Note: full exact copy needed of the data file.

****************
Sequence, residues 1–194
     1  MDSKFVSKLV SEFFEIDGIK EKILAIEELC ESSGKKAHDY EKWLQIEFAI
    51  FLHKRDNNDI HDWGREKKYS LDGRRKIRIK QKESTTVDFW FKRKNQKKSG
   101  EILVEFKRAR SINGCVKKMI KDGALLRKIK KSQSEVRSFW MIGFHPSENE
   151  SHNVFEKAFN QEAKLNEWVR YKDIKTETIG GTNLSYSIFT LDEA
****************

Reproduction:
Sequence, residues 1–194
     1  MDSKFVSKLV SEFFEIDGIK EKILAIEELC ESSGKKAHDY EKWLQIEFAI
    51  FLHKRDNNDI HDWGREKKYS LDGRRKIRIK QKESTTVDFW FKRKNQKKSG
   101  EILVEFKRAR SINGCVKKMI KDGALLRKIK KSQSEVRSFW MIGFHPSENE
   151  SHNVFEKAFN QEAKLNEWVR YKDIKTETIG GTNLSYSIFT LDEA